It’s a commonly known fact. The mighty Luftwaffe was far superior to the Soviet Union’s Red Air Force at the start of the Second World War. The German Air Force, the Luftwaffe, possessed a clear advantage over the Soviets in material and training, and for a brief moment; was superior to the Red Air Force in aircraft inventory. At the time of Operation Barbarossa, one of the biggest military gambles of all time, the Red Air Force was behind the Germans in aircraft design and development, as well in the number of air worthy aircraft. The Soviets did catch-up and eventually surpassed the Luftwaffe in the number of available planes, but not even this fact could change the outcome of the battle in the air. When the Germans initially started planning their surprise invasion of the Soviet Union, they carefully considered the ability of the Red Air Force to interfere or even deny Germany air control over the battlefield – a must for the German high-octane ground forces. After studying a mass of intelligence papers and reports, the German High Command felt strongly that the Soviets would only be able to muster limited tactical operations, if any. The Red Air Force’s main asset, the sheer number of fighters, most of them obsolete by 1940, was to be employed in a vain defense of the Motherland. All thru the war, the Soviets were not able to change the reality of warfare on the ground with its Air Force. Not even the introduction of new aircraft and tactics could changed it.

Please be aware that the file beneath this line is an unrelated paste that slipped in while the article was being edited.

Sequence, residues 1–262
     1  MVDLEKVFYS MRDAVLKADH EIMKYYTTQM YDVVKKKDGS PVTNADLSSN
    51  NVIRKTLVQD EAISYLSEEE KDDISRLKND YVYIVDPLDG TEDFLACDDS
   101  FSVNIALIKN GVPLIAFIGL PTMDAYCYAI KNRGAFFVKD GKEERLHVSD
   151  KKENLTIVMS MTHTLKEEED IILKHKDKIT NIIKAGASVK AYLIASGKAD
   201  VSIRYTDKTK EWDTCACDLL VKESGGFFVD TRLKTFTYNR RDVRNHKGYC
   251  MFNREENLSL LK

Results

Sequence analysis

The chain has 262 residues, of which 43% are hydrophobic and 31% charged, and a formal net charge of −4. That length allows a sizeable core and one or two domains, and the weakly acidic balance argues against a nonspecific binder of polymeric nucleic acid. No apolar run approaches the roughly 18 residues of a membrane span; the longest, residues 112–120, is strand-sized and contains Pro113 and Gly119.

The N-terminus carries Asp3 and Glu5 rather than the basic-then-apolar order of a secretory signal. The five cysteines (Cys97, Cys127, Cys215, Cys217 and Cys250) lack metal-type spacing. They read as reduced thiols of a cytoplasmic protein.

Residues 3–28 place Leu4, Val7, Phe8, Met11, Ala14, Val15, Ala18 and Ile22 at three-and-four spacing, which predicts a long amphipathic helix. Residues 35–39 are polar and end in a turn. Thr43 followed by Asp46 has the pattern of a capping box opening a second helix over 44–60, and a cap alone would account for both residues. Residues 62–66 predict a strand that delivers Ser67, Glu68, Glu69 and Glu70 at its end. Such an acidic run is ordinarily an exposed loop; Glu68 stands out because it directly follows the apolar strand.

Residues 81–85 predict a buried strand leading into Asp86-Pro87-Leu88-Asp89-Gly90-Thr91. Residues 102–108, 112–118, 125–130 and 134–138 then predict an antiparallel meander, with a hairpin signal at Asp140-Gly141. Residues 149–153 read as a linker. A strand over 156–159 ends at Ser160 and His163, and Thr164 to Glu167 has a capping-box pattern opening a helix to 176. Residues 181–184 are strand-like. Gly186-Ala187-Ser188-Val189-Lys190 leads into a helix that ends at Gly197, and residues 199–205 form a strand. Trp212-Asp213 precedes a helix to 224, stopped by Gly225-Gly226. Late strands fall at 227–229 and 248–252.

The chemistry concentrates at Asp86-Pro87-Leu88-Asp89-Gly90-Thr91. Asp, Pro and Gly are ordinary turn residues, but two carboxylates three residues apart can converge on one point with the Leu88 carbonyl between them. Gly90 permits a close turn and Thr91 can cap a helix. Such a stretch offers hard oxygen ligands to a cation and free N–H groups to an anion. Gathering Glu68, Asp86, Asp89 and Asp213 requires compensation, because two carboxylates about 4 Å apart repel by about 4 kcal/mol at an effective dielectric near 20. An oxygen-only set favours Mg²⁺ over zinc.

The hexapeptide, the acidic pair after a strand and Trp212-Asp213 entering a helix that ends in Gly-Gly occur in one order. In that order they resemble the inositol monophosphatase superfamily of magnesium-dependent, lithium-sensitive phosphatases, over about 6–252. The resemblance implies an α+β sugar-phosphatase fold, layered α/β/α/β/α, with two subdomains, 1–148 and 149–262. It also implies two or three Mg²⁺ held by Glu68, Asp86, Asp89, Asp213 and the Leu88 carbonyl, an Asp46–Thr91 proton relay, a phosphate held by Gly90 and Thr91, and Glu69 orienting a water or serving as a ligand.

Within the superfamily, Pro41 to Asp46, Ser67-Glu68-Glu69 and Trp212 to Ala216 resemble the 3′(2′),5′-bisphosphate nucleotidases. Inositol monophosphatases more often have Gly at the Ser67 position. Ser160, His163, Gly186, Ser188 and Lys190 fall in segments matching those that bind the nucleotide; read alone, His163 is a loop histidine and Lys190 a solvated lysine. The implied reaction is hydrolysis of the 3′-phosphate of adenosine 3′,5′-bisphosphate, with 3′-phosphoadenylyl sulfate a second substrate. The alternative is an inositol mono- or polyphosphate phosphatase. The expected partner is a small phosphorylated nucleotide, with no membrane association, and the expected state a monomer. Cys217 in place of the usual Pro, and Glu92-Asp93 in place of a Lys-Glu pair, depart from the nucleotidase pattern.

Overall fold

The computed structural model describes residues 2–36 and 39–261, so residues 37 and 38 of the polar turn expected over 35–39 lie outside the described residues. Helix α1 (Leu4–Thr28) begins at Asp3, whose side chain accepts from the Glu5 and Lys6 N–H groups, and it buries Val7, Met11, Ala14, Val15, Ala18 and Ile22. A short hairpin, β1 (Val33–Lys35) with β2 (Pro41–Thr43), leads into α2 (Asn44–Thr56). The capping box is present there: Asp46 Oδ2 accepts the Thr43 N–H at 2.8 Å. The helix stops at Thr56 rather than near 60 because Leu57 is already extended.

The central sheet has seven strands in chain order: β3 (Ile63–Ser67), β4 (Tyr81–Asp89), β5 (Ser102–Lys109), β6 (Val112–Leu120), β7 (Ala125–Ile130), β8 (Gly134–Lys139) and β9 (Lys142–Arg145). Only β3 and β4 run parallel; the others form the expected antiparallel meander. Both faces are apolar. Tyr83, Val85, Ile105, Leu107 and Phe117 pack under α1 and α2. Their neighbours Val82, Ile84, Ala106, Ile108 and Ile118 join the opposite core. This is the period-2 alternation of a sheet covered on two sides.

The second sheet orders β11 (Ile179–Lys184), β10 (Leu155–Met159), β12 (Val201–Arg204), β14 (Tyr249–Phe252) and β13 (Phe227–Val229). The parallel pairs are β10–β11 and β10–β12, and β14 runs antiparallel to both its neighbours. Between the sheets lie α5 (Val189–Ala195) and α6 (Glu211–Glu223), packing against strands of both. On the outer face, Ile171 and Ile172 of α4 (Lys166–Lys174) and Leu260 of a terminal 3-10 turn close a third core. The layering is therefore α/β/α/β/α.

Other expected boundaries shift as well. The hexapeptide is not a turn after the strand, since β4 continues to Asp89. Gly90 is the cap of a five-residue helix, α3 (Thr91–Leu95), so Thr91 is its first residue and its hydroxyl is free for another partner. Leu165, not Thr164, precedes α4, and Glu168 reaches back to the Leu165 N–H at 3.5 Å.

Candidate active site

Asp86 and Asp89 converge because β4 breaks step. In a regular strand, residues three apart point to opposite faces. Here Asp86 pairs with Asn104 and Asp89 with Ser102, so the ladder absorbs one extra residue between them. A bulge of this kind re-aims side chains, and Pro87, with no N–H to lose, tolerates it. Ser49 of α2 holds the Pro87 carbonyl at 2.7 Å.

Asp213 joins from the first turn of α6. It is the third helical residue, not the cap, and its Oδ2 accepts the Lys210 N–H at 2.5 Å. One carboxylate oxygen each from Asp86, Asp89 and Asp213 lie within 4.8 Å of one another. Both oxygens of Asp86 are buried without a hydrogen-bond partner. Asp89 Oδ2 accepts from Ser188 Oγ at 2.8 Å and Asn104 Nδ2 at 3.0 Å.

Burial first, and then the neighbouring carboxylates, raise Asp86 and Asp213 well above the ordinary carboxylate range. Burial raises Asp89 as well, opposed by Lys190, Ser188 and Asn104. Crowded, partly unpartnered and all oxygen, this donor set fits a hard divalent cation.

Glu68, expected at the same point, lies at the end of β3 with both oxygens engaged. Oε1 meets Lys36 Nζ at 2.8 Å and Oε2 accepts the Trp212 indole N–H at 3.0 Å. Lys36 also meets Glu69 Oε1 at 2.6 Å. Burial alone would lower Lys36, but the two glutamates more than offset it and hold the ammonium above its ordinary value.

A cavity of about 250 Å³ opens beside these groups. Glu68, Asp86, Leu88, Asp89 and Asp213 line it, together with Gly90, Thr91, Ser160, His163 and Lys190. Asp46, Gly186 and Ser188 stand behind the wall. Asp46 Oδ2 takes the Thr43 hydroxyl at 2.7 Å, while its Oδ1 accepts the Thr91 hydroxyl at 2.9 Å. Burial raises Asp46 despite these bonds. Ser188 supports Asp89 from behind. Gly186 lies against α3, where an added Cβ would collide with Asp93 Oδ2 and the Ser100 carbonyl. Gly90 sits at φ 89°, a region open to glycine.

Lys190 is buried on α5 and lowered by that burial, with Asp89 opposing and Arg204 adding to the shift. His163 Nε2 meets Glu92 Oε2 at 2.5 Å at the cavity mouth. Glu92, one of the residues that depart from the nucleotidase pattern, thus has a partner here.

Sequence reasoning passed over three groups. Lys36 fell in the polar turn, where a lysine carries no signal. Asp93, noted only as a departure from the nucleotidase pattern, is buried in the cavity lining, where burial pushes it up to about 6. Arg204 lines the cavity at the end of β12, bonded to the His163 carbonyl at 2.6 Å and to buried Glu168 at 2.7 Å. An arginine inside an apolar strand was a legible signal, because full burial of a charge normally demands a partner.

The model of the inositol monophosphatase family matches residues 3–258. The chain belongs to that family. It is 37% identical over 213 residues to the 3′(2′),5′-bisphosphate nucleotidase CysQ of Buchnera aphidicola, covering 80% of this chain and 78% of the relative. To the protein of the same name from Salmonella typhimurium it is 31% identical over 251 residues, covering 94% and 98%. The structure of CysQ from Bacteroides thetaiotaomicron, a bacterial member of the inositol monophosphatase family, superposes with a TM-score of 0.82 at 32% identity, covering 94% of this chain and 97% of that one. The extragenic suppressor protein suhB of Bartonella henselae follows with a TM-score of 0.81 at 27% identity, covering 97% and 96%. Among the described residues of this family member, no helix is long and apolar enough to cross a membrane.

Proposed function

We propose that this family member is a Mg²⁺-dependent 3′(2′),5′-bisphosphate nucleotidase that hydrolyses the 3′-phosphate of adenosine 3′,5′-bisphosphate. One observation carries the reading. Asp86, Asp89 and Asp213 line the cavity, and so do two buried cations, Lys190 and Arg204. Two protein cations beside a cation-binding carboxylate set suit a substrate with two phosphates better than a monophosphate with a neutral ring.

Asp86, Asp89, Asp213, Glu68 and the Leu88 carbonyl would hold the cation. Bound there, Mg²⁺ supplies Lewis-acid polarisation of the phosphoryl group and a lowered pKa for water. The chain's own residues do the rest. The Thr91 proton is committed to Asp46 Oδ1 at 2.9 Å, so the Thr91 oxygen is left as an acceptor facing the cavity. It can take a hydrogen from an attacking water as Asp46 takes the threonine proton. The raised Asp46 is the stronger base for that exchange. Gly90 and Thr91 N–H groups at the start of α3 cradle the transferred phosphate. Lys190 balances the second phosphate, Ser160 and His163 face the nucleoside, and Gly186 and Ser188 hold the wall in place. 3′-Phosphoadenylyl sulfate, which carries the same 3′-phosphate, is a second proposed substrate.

In the early stages of Operation Barbarossa, the German ground armies seldom saw any Soviet aircraft above their heads. When they did, it was an occasional reconnaissance aircraft or a lone bomber on a desperate mission. The only fighters that were deployed by the Red Air Force close to the German lines were the venerable I-16 fighters. They were no match for the advanced German fighters and they quickly were shot down by the Germans. Their pilots, parachuting into new German lines, were, for the most part sobbing at the idea of being a prisoner of the “savage” Germans, as the Red propaganda had led them to believe. They became more confused when the Germans treated them in a somewhat friendly manner, by their standards. The same fate awaited the bombers that followed. Deprived of any significant fighter escorts, their single-line formations were decimated by German ground fire. If any Red bomber managed to pass thru the anti-aircraft fire, the German fighters were waiting to take care of them. This happened repeatedly during the early stages of the war in the East. At this moment, a Soviet bomber attack meant nothing more to the German ground troops than an exciting spectacle, which always ended in tragedy for the Russians. Day after day, the Soviets sent their bombers in formation, and day after day, the majority did not come back home. Aircraft that managed to return to their bases were the ones that had jettisoned its bomb load and promptly turned around at the first sight of a German fighter formation. The Soviets were destined to loose all of their available aircraft if they continued with this unproductive practice. Although the Russians were able to replace all of the aircraft lost, it never recovered from the shock effect of the German fighters pounding their formations. The German superiority on fighter design was to last until the end of the war. The Soviets tried new tactics as the Germans inched closer to the heartland of the country. Soviet bombers and fighters started bombing bridges, strafing armor columns and German troop concentration areas, but this tactic did little to slow the German progress. The Germans crossed every bridge and the Soviets planes were overwhelmed by the fighter tactics of the Luftwaffe.